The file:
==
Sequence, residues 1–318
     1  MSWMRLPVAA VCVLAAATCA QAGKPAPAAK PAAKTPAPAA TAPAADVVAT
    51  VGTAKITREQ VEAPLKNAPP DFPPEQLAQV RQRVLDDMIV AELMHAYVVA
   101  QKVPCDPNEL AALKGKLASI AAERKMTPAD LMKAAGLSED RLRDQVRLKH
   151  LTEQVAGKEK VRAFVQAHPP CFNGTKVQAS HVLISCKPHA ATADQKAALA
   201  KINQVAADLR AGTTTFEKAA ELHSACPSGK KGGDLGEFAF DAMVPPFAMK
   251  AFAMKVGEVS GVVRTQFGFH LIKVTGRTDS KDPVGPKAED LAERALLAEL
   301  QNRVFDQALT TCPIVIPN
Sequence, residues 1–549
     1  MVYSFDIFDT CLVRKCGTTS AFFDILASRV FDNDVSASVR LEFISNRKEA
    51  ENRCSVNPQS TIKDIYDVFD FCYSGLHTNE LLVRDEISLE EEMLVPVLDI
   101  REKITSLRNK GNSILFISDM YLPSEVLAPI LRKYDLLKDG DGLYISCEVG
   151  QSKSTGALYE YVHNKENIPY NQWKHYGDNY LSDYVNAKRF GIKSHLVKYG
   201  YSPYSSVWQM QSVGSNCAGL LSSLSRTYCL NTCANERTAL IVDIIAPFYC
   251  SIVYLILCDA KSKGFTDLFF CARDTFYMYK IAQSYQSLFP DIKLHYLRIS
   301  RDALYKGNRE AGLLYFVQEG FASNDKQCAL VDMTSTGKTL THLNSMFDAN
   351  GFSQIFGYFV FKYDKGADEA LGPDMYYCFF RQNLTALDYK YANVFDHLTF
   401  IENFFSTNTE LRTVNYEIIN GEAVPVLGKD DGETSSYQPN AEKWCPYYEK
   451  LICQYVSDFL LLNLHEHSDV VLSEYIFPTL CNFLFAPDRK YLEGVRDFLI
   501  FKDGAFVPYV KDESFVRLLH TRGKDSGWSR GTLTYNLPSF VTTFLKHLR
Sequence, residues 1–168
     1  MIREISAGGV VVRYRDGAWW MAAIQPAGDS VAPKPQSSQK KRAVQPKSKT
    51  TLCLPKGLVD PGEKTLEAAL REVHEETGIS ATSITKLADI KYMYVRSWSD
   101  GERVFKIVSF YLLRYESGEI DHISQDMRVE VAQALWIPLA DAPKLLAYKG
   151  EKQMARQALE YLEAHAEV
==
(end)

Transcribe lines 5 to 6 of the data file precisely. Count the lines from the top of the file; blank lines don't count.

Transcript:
   151  LTEQVAGKEK VRAFVQAHPP CFNGTKVQAS HVLISCKPHA ATADQKAALA
   201  KINQVAADLR AGTTTFEKAA ELHSACPSGK KGGDLGEFAF DAMVPPFAMK